College of Liberal Arts and SDRC Co-Host ASEAN Biennial Conference

The Social Development Research Center served as co-host and secretariat for the 6th Southeast Asian Biennial Conference, held in three venues on May 8 and 9, 2014. Under this year’s theme of “Religion, Values, Identity and the ASEAN Integration,” the Conference opened at the Henry Sy, Sr. Hall with welcome remarks from Fr. George McLean, President of the Council for Research in Values and Philosophy, Catholic University of America. He acknowledged that it is from diversity that the ASEAN draws the unity of this region, and that the participants of the Biennial Conference were the “architects of the global world we enter.” CLA Research and Advanced Studies Director (RASD) Dr. Feorillo Demeterio III read the remarks on Fr. McLean’s behalf.

Dr. Warayuth Sriwarakuel, Dean of the School of Philosophy and Religious Studies at Assumption University in Bangkok, delivered the plenary lecture, providing a background of the Conference and citing the teachings of Buddhadasa Bhikku, a Thai monk and philosopher, as a means to arriving at ASEAN’s goal of “one vision, one community, one identity.” The lecture was followed by a panel discussion with speakers Dr. Jove Jim Aguas of the University of Santo Tomas and Dr. Mark Joseph Calano of Ateneo de Manila University. Dr. Aguas spoke on “Culture Values of Identity in the ASEAN Integration”, providing the implications of 2015 integration and its impact on various cultural identities, while Dr. Calano’s presentation on “Religious Pluralism and the Philippine Democratic Polity” cited the need for the institutional separation of church and state, to ensure the moral basis of a liberal democracy in the protection of citizens’ rights.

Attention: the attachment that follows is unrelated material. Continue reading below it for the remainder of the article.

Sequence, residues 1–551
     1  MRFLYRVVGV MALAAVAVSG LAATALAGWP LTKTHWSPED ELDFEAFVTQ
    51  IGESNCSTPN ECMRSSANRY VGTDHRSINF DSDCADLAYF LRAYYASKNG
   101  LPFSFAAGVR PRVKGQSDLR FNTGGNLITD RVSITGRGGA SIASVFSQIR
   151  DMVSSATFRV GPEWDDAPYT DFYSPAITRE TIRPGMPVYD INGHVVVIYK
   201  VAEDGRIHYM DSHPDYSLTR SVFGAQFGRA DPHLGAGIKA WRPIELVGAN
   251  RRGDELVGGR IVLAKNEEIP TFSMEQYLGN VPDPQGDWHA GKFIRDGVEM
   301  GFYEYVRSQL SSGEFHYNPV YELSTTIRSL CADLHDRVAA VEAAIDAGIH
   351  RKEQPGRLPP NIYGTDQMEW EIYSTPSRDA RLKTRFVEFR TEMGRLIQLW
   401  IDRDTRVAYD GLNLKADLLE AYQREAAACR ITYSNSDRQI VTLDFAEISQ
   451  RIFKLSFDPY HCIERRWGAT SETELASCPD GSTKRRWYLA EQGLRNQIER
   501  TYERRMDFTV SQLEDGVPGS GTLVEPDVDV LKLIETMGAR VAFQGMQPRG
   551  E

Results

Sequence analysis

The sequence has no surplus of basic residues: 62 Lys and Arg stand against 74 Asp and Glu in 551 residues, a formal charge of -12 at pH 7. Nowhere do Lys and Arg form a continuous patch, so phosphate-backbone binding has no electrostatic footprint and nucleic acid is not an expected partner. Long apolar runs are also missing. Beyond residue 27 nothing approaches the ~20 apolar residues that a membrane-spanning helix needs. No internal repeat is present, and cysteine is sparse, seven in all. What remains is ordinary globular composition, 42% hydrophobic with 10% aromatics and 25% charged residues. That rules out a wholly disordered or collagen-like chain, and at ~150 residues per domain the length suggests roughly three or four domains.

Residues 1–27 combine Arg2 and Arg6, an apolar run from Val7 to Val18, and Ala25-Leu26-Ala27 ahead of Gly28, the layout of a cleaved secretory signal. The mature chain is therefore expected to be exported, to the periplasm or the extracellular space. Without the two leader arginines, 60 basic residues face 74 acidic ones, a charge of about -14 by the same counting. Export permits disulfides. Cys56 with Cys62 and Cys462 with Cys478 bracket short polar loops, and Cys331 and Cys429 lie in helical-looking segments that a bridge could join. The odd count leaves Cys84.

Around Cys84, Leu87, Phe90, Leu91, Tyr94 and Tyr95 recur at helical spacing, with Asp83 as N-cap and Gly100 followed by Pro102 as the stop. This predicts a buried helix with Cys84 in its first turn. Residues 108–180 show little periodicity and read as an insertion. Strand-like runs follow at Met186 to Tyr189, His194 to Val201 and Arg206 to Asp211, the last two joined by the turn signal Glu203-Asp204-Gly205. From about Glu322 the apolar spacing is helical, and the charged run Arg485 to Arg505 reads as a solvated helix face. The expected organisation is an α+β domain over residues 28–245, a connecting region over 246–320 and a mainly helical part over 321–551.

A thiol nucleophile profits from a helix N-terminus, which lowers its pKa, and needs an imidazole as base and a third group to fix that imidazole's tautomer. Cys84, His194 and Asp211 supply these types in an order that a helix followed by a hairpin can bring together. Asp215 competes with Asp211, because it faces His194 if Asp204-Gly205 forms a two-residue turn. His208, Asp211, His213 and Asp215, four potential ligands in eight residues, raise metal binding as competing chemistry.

From DLSU, the group proceeded to the Alfredo M. Velayo Multipurpose Hall at the University of Santo Tomas, where incoming CLA RASD Dr. Leni Garcia spoke on “Humanistic Buddhism and the Filipino Worldview”. The final sessions were held at the Multimedia Room of San Beda College, during which SDRC Director Dr. Melvin Jabar delivered a talk on “Nursing Education in the Philippines, Malaysia, and Singapore: Implications for the ASEAN Regional Integration.” During his presentation, Dr. Jabar highlighted the need for Filipino nurses to study any ASEAN languages to make themselves competitive in the market. He also underscored that the possibility of mobility of human health resources may be felt in relatively affluent ASEAN countries like Singapore, Brunei, and Malaysia.

The Association of Southeast Asian Nations (ASEAN) was established in 1967, and eventually grew to have ten member states, namely: Brunei Darussalam, Cambodia, Indonesia, Lao, Malaysia, Myanmar, the Philippines, Singapore, Thailand, and Viet Nam. In 2000, the Initiative for ASEAN Integration Work Plan was formulated for 2002-2008, and a second Work Plan was formulated for 2009-2015, all with the intention of achieving an ASEAN Community. The second Work Plan embodies three blueprints in the areas of economic integration, political security integration, and socio-cultural integration. With 2015 just on the horizon, the 6th Southeast Asian Biannual Conference thus problematized the impact of the ASEAN Integration on religions, values and identities of the people in the ten member states.
The 6th Southeast Asian Biennial Conference is a component of the 2014 Islamic Conferences and is sponsored by the Council for Research in Values and Philosophy.    


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